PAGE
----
Entertainment Tonight cohost Mark Steines had impressive results with 10-Minute Trainer®—he lost 30 pounds and 5 inches off his waist in 90 days. Now he wants you to try it too and share your results with us! Do your best and forget the rest—then submit your transformation results to get a FREE "No More Excuses" T-SHIRT and a chance to win a trip to L.A. to be in the next 10-Minute Trainer infomercial! Click below to check out the video and click here to enter the contest.

If you'd like to ask a question or comment on this newsletter article, click here to add a comment in the newsletter review section or you can email us at mailbag@beachbody.com.

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Recipe: Zucchini Bread

Zucchini Bread

Applesauce and walnuts give this the warm nuttiness of a fruit bread, while zucchini brings veggie goodness. Try making it in mini-loaf pans in a toaster oven if summer still has you not wanting to heat up your whole kitchen with the big oven.

  • Nonstick cooking spray
  • 6 egg whites
  • ¼ cup canola oil
  • ½ cup unsweetened applesauce
  • 1 stalk celery, finely diced
  • ½ cup white or raw sugar (or substitute 1/3 cup honey and reduce applesauce to ¼ cup)
  • 2 tsp. vanilla extract
  • 1-¼ cups all-purpose (plain) flour
  • 1-¼ cups whole wheat (whole-meal) flour
  • 1 tsp. baking powder
  • 1-¼ tsp. baking soda
  • 2 tsp. ground cinnamon
  • 2-½ cups shredded zucchini
  • ½ cup chopped walnuts

Preheat the oven to 350° F (325° if you're substituting honey). Lightly coat two 9-by-5-inch loaf pans (or 5 mini-loaf pans) with cooking spray. In a large bowl, combine egg whites, canola oil, applesauce, sugar or honey, and vanilla. Using an electric mixer, beat the mixture on low speed until thick and foamy. In a small bowl, stir flours together. Set ½ cup of flour mixture aside. Add baking powder, baking soda, and cinnamon to flour mixture in small bowl and stir together, then add to egg white mixture. Using electric mixer on medium speed, beat until well blended. Add zucchini and walnuts and stir with wooden spoon until combined. Adjust consistency of the batter with reserved ½ cup flour, adding 1 tablespoon at a time. Batter should be thick, not runny.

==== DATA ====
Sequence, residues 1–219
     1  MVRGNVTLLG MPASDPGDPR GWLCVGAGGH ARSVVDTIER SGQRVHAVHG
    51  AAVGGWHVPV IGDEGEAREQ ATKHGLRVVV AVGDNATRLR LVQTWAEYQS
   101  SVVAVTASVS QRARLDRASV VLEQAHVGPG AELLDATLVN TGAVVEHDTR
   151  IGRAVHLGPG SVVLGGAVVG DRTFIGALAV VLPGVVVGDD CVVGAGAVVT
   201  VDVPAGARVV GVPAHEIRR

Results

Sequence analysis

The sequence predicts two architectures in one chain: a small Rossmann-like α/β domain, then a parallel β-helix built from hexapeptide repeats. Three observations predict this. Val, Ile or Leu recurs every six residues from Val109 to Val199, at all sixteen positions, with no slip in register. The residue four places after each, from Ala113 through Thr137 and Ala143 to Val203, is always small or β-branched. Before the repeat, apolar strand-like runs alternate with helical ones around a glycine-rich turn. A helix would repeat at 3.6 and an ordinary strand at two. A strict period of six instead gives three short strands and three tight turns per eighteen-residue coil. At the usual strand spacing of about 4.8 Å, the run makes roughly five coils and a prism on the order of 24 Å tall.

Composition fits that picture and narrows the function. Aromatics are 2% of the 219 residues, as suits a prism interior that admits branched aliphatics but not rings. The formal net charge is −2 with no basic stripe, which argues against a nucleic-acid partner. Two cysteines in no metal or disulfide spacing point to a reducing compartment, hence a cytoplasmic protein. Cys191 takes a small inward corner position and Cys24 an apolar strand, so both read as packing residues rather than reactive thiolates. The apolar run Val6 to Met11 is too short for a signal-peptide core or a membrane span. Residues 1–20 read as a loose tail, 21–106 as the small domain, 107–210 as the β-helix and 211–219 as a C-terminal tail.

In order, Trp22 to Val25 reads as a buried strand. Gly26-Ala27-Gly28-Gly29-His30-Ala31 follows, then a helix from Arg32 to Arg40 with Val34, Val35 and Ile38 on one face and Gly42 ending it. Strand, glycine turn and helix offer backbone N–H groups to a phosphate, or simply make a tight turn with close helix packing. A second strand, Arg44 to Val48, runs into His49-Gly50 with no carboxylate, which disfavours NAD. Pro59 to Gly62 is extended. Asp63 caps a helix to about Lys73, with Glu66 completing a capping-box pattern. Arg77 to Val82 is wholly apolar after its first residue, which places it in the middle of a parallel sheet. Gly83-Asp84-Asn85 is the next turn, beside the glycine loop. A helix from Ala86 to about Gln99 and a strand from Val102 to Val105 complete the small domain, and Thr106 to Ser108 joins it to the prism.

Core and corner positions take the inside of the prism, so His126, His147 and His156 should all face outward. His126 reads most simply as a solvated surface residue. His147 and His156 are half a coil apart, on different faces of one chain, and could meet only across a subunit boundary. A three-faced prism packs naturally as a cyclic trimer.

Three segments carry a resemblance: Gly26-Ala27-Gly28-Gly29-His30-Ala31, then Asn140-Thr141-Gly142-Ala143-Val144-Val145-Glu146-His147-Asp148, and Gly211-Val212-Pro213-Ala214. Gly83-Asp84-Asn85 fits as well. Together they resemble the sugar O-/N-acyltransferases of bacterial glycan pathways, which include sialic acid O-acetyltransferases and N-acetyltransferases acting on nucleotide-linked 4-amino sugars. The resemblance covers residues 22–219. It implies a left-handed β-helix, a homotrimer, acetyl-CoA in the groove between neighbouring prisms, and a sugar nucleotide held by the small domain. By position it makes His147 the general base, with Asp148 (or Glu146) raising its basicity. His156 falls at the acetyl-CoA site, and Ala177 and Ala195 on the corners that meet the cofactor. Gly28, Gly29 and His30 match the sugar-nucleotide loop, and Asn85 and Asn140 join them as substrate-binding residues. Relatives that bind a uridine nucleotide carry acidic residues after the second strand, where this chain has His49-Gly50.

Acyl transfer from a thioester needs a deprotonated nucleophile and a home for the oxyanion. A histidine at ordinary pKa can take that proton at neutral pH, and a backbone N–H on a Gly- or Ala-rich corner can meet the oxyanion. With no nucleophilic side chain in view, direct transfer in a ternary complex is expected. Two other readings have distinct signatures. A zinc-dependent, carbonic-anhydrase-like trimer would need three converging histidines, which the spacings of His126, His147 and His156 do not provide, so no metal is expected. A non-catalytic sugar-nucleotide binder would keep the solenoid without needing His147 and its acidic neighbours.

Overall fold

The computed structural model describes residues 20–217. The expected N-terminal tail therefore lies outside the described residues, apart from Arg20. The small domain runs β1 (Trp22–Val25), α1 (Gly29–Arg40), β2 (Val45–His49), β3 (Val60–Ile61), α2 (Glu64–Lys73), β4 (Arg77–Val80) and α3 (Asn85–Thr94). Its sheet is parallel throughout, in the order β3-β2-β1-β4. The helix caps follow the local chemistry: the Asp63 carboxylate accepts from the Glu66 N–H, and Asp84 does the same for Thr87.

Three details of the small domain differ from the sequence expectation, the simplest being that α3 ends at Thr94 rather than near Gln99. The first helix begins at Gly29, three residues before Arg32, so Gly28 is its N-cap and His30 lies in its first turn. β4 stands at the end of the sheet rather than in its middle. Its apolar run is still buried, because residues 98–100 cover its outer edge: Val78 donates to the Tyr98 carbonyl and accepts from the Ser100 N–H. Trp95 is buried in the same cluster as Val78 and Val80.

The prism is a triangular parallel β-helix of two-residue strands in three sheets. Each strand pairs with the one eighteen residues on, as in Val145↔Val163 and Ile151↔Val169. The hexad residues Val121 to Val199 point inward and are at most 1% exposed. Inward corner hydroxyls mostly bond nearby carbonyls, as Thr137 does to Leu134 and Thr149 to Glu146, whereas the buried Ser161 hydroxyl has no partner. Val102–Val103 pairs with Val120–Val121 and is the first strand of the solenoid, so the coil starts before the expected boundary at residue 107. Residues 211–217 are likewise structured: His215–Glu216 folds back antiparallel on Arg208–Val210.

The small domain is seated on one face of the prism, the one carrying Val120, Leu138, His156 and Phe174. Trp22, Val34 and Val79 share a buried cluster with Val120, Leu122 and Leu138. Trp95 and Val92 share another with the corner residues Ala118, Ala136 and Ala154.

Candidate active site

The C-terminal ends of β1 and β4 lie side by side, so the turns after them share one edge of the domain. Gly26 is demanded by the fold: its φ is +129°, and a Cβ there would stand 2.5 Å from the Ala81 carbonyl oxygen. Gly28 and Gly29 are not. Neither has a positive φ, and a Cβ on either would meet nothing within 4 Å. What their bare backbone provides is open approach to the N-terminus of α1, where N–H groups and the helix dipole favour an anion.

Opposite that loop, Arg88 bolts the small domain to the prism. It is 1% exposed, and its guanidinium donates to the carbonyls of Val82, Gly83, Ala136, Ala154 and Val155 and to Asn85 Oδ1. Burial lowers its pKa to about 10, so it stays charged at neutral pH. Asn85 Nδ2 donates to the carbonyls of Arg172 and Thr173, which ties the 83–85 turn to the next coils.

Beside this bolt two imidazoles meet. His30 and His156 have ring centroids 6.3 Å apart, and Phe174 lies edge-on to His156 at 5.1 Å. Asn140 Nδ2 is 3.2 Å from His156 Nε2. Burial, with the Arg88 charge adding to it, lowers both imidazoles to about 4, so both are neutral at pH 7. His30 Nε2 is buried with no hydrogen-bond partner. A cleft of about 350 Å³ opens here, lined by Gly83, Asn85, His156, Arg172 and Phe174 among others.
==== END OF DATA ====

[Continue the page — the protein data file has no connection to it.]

Pour ½ of batter into each prepared pan. Bake about 50 minutes (35 to 40 minutes for mini-loaf size), until a toothpick inserted into center of each loaf comes out clean. Let bread cool in pans on a wire rack for 10 minutes. Remove from pans and let finish cooling on rack. Each loaf will yield 9 1-inch slices, or 18 servings.

Preparation Time: 20 minutes

Cooking Time: 50 minutes

Nutritional Information (per serving)
Calories Protein Fiber Carbs Fat Total Saturated Fat
146 4 grams 2 grams 20 grams 6 grams < 1 gram

If you'd like to ask a question or comment on this newsletter article, click here to add a comment in the newsletter review section or you can email us at mailbag@beachbody.com.

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"i've bartended "on the side" for seven years. i've never added sugar to a drink to make people drink more! i know some bars provide salty snacks to get people to drink more but adding sugar as a tactic to get you to drink more? i get the science behind it (my day job is in a biochemistry lab, my degree is in vertebrate physiology) but i don't know a bartender who does that...ever. and i know more bartenders than i care to admit! if people are going to drink...they'll drink regardless. funny"